MK: It interested you. How did you get from California to Hawaii?
LT: Well, after I finished undergraduate school, I wanted to go on with my studies for a couple of reasons. One of them is I’m very interested in marine biology and I also wanted to get a student deferment so I didn’t have to go to Vietnam, so that kind of helped. I was lucky to get one so I came to the University of Hawaii and studied here at Coconut Island in what we now call the Hawaii Institute of Marine Biology. I got a master’s degree here and I met some great people including some Outrigger members like Ricky Grigg. He was a grad student the same time I was.
Then after that, I moved back to California to Scripps Institution of Oceanography in La Jolla which is now part of the University of California San Diego and there was Ricky Grigg in the lab next to me. Then he got a job and came back to UH and became active in the Club, but more I think at that point and then I came back a year later. So it was almost like I was stalking him. He claimed that but I denied it of course.
MK: What did you major in at Scripps?
LT: Marine Biology specifically shark biology and then when I got here to … I got a job at UH after Scripps and was more involved with the reef fish ecology and some shark biology but mostly reef fish and coral and did that for a long time. I enjoyed it.
MK: At the university, were you a professor or were you a researcher or what were you doing?
LT: I was both but I had a special really lucky deal because in those days the U.S. Fish and Wildlife Service which is part of the Department of Interior then had a special program called Cooperative Fishery Research Units, big name but what it essentially was, was that it’s a cooperation between the state government, the state university and the federal government. The federal government paid me and another biologist to work as a faculty member and a researcher on the faculty of the Zoology Department at UH Manoa. The state gave us money to do research and the university gave us an office space and research space, so it was great. It’s the best of all worlds. We had a federal salary but were working at a State University. It was grand. I loved it. I did a lot of work in what we used to call the Northwest Hawaiian Islands, Papahanau- Can you say that for me? I have a hard time saying that. Anyway, the special place to the Hawaiians that is to the northwest. Papahanaumokuakea Marine National Monument. Right.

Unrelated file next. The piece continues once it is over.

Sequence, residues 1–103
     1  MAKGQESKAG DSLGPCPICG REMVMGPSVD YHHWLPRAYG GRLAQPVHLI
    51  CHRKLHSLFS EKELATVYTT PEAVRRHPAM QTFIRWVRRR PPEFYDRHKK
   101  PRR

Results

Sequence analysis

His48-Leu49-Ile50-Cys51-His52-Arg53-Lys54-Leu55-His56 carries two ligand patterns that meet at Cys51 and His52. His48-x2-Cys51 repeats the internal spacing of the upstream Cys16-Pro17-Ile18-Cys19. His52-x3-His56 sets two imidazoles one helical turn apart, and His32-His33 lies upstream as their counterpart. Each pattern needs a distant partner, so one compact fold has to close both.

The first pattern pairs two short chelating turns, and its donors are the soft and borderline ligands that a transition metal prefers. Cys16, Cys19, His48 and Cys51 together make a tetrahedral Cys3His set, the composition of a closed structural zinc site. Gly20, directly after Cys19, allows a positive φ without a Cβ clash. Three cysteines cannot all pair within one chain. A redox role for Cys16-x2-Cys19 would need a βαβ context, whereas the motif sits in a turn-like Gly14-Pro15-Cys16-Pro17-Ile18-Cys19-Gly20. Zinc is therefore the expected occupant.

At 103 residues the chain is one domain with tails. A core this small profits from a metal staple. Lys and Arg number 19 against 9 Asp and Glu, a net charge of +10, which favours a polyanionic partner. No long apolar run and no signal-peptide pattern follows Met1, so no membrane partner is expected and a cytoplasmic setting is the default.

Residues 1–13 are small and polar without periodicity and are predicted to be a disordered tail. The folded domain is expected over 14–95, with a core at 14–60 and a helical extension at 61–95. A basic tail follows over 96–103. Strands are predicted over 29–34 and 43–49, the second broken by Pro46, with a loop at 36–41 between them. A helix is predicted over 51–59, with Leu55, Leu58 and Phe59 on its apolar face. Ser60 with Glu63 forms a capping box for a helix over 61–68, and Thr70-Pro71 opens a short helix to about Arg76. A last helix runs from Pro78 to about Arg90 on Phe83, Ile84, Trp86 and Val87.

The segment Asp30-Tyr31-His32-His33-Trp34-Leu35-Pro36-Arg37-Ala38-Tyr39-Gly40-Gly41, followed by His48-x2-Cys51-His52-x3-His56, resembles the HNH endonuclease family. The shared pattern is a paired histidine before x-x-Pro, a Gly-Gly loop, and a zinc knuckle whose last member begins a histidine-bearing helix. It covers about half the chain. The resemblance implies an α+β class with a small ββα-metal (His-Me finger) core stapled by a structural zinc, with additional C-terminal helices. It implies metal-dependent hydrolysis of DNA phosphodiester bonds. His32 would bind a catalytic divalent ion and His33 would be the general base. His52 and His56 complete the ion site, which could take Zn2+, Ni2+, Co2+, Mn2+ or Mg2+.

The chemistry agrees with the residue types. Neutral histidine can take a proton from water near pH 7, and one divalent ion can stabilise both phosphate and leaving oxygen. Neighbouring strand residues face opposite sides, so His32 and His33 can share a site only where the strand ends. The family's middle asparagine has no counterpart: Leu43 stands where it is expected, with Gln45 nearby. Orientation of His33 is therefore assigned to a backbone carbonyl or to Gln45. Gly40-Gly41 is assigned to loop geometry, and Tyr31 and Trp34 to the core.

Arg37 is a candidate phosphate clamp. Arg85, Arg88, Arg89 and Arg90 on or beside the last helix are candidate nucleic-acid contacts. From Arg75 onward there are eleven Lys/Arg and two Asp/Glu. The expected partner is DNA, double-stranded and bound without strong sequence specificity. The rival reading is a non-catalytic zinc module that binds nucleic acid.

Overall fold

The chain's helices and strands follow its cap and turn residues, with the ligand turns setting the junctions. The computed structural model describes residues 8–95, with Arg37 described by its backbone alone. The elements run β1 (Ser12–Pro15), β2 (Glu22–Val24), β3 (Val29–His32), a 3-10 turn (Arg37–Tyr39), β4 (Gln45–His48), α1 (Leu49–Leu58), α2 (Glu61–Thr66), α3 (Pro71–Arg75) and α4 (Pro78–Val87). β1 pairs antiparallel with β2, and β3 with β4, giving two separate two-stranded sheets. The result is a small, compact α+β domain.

MK: Specifically, what did your job entail?
LT: Basically, trying to protect the marine ecosystem out there which is a lot of seabirds, monk seals. There were really no monk seals in the main Hawaiian Islands in those days. Fortunately, through protection they’ve come back and as you know, they’re honorary members to the Outrigger now. Sea turtles, monitoring fish populations, all of that. It was a great place to be.
MK: What do you think of our current president’s plan to take away the protection for the area?